Regarding this latter suggestion, the authors noted that according to a 2015 study, installing a cellphone-blocking app significantly reduced the number of phone calls and texting-while-driving episodes among teenage drivers. However, about 15 percent of teens found ways to bypass the app's blocking function; others simply used another person's cellphone when they were unable to use theirs while driving.
For family physicians, helping to curb behaviors that put teens at risk, such as texting while driving, can be challenging. Jennifer Frost, M.D., medical director for the AAFP Health of the Public and Science Division, offered the following advice as to how family physicians can talk to teenagers and their parents about these types of behaviors.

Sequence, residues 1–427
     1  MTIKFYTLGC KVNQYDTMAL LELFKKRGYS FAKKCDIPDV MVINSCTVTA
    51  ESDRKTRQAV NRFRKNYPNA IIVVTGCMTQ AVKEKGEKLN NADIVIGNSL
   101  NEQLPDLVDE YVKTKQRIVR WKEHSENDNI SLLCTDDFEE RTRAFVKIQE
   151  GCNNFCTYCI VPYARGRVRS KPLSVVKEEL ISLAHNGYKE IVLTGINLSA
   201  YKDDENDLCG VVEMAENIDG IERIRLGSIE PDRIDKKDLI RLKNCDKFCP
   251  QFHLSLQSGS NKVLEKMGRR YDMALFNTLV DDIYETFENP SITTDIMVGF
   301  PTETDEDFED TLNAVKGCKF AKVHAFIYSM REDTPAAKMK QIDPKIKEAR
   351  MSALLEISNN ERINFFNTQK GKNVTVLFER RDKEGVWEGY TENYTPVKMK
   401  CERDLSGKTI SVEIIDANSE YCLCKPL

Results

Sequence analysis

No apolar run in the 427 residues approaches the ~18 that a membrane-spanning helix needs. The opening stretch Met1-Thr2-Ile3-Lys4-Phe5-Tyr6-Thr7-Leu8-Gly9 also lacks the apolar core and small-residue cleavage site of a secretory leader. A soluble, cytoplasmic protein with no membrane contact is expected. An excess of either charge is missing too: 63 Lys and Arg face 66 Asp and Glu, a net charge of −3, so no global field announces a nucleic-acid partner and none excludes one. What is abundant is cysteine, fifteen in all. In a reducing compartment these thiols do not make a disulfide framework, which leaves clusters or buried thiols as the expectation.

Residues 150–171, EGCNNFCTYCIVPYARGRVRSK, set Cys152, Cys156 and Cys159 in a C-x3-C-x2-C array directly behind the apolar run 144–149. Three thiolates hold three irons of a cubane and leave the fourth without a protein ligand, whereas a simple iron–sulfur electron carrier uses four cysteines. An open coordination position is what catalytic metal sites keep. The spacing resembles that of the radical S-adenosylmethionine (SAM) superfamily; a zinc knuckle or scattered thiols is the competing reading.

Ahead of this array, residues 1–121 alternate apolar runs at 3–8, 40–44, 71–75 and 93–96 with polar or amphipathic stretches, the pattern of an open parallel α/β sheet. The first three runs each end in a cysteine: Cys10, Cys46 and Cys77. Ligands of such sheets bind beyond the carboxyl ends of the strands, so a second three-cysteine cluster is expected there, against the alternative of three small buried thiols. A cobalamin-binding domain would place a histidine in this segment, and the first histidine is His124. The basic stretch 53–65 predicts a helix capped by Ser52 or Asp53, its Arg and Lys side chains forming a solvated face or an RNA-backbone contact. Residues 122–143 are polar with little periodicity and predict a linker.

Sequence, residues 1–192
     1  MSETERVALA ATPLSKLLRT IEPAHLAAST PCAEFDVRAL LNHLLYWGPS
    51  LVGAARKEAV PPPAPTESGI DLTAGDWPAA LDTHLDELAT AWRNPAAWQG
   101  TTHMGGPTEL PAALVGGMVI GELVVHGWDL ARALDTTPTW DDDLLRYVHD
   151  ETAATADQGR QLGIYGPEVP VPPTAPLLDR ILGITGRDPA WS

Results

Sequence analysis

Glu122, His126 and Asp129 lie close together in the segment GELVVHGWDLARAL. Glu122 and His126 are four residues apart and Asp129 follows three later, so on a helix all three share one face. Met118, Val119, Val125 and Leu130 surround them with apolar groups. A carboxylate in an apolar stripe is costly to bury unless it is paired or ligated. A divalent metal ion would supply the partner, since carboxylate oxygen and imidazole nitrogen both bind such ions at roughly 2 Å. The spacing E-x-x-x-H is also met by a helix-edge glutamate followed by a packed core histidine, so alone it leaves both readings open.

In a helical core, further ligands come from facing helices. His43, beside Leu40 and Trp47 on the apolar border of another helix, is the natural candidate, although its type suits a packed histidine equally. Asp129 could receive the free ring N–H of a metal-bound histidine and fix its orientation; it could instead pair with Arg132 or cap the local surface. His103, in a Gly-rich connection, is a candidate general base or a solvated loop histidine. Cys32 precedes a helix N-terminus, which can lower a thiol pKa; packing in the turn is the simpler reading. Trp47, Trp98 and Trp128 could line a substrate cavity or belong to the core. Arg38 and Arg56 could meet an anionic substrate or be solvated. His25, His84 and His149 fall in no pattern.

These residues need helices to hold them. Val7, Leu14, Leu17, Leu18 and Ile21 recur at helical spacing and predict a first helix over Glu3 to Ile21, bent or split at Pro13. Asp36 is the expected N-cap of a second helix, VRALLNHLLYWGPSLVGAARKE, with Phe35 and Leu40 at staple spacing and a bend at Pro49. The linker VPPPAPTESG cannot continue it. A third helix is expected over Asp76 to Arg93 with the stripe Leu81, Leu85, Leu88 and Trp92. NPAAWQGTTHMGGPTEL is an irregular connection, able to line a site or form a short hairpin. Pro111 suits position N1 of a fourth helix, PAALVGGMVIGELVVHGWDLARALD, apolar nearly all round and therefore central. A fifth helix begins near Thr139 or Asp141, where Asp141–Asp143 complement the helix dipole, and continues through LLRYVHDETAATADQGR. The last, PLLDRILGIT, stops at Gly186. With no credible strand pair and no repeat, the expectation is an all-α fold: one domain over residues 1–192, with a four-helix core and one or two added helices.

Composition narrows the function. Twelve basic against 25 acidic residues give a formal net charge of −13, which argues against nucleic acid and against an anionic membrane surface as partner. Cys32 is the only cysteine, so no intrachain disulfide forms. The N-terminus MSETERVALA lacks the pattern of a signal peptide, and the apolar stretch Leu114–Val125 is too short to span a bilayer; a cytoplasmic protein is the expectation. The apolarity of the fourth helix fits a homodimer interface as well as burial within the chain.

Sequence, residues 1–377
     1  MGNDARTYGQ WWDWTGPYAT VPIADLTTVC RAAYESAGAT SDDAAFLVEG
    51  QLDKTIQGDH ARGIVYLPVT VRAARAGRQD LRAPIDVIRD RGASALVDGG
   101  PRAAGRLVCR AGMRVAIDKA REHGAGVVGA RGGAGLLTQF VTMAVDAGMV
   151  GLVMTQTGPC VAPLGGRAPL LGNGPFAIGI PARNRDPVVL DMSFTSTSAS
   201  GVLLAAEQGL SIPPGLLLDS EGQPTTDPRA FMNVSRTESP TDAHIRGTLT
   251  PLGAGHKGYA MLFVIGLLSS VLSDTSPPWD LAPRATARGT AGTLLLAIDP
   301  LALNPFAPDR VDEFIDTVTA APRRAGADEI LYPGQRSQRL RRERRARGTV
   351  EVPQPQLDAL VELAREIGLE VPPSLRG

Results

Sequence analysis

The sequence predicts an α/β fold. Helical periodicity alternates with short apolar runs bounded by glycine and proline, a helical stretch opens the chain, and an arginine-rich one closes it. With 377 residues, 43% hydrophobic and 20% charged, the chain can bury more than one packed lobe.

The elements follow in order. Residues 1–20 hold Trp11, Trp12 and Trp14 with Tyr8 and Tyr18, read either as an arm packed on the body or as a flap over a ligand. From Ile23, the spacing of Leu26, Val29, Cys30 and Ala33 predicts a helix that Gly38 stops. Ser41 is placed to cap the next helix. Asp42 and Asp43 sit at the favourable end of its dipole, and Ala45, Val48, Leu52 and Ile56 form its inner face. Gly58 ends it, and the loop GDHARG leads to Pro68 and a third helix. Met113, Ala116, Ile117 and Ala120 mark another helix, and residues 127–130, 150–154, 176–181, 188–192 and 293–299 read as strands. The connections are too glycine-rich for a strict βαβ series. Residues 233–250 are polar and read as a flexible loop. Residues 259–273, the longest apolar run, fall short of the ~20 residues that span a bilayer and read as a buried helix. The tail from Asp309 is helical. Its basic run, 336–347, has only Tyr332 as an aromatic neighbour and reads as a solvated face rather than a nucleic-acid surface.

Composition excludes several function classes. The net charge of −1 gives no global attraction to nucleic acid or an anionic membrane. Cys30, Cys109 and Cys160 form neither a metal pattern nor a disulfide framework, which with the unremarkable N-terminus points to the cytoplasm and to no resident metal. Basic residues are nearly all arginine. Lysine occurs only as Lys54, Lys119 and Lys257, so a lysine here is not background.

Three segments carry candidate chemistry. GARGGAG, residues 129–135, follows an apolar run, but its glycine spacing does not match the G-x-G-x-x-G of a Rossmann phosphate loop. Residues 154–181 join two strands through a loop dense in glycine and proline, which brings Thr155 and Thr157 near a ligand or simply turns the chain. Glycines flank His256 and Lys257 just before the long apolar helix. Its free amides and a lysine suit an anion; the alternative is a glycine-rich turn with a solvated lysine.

"Family physicians routinely talk to adolescents and their parents about risky behaviors," Frost told AAFP News. "Today, most teens have their own cellphone, so the risks of using their cellphone while driving is an important topic.
"Family doctors should consider discussing the risks of distracted driving with the teen and their parents, encouraging parents to serve as good role models."